Webster gaming hosts console competition


Webster University’s Super Smash Bros. team received a stern test April 8, as they competed in the Webster Fighting Game Community’s (WFGC) second intercollegiate crew battle invitational.

Crews, or teams of five members each, participated in matches of the Nintendo fighting games Super Smash Bros. Melee and Super Smash Bros. for WiiU.

Following the first event in November, WFGC President Danny Cohen invited representatives from Saint Louis University (SLU) and Southern Illinois University-Edwardsville (SIUE) to compete in another round, along with a new competitor, the University of Missouri-Columbia (Mizzou). Mizzou’s crews were among the strongest in the field, finishing first in Melee and second in WiiU.

“We were really excited to be able to invite Mizzou this time around,” Cohen said. “Given their performance it seems fair to say they added some good competitive depth, and I think it was really great for our guys to be exposed to some new people who they haven’t been able to play a lot before, which is what these events are all about.”

Webster’s WiiU crew struggled to replicate the success of its second-place finish at the previous event, coming in fourth, while the Melee crew finished third again. Cohen, however, sees the experience as a positive one for the club’s development.

“We had some strong members of our club who didn’t participate this time around,” Cohen said. “So we saw this as more of an opportunity to get some learning experiences in and see what the rest of us were made of. On an individual level we had a lot of close matches, and maybe on another day some things would have gone differently, so we’re all looking forward to the next opportunity.”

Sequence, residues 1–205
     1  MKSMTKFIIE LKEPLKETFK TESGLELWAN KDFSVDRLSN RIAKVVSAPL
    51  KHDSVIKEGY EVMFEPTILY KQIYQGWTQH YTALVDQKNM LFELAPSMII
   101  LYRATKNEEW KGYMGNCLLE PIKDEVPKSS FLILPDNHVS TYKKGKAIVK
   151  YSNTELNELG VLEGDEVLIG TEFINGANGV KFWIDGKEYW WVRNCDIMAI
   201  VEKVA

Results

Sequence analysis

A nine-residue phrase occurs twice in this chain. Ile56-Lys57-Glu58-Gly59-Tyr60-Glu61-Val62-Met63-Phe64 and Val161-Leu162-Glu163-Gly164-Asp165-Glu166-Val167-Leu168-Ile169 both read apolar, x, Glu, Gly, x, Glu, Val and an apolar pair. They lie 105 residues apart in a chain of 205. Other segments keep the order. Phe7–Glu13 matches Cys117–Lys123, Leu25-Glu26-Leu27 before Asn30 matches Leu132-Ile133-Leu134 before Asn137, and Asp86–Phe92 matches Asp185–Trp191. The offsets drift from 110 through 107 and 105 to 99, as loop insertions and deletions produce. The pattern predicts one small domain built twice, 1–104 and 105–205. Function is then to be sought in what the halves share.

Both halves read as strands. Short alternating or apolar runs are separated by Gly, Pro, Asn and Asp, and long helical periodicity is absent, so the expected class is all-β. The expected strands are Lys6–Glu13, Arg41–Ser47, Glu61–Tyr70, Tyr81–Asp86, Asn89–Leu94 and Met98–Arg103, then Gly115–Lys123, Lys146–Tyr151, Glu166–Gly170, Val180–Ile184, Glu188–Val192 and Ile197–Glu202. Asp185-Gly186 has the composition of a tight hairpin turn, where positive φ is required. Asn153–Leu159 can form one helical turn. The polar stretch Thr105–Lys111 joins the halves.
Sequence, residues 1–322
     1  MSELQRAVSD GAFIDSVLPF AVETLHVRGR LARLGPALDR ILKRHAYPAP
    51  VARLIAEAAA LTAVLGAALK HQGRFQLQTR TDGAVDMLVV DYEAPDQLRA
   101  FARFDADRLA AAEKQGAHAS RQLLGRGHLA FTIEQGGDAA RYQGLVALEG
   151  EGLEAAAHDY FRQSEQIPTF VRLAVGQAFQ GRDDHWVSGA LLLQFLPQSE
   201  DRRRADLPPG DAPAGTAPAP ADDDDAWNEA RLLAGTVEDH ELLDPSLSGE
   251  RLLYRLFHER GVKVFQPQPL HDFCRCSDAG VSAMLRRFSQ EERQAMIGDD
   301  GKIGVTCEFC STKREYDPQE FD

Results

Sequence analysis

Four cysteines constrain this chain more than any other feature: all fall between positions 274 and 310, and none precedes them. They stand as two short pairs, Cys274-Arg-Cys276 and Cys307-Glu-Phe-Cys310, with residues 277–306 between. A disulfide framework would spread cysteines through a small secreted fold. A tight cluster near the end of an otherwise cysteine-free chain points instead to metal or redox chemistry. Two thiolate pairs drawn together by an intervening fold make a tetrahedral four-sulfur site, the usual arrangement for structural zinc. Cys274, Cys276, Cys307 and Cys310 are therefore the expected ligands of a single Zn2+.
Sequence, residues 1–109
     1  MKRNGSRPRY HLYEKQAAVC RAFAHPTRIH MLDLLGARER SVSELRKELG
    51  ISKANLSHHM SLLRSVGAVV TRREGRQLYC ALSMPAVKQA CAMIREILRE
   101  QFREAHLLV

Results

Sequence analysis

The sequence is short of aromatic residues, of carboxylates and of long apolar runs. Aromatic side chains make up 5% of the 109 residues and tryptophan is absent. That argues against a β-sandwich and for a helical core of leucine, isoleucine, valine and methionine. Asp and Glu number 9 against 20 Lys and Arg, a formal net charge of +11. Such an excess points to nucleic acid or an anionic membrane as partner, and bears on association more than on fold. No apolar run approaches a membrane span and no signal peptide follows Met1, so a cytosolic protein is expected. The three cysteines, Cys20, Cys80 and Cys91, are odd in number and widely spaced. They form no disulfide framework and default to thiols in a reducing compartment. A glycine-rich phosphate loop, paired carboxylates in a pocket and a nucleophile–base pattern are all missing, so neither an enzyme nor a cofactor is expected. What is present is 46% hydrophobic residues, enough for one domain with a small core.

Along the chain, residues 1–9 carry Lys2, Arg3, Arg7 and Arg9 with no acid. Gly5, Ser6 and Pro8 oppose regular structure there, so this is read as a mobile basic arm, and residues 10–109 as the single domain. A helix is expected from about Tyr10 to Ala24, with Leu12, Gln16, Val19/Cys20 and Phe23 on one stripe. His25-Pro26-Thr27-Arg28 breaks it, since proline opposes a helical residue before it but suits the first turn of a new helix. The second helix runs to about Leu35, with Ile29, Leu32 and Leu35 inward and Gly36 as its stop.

Photo Credit: Jackson Roman
Photo Credit: Jackson Roman

One newcomer to Webster’s WiiU crew was Ty O’Guinn, whose character, Rosalina, is known for being difficult to eliminate rather than for offensive power. This durability puts him in a uniquely valuable position to the team despite his relative inexperience in crew battles.

“She’s definitely more of a stock tank,” O’Guinn said. “So my games tend to be battles of attrition, and it means I need a lot of endurance. I didn’t take out two players on my own or anything, but I feel like I did okay. I definitely have some ideas about things to do differently for next time.”

Cohen said these crew battle events give the often light hearted WFGC members an opportunity to express their competitive spirit, a sentiment O’Guinn echoes.

“On a daily basis, the club is definitely focused on having fun and it’s a pretty low pressure environment,” O’Guinn said. “But we also take a lot of pride in what we’re doing, and if we’re investing a lot of time in this game, we want to see a return on that effort. So if we struggle, it’s natural to want to work even harder and change things for next time.”

In addition to improvement from a competitive standpoint, Cohen said he is also targeting some administrative improvements for the next event in the fall semester.

“We didn’t really take into account this time around that the spring semester is so difficult for some people that some of the crews had to cancel, and ideally we would’ve cast a bit of a wider net earlier on when we were sending out invitations,” Cohen said. “Next time will be the biggest event yet, and we can’t wait for that to come around.”

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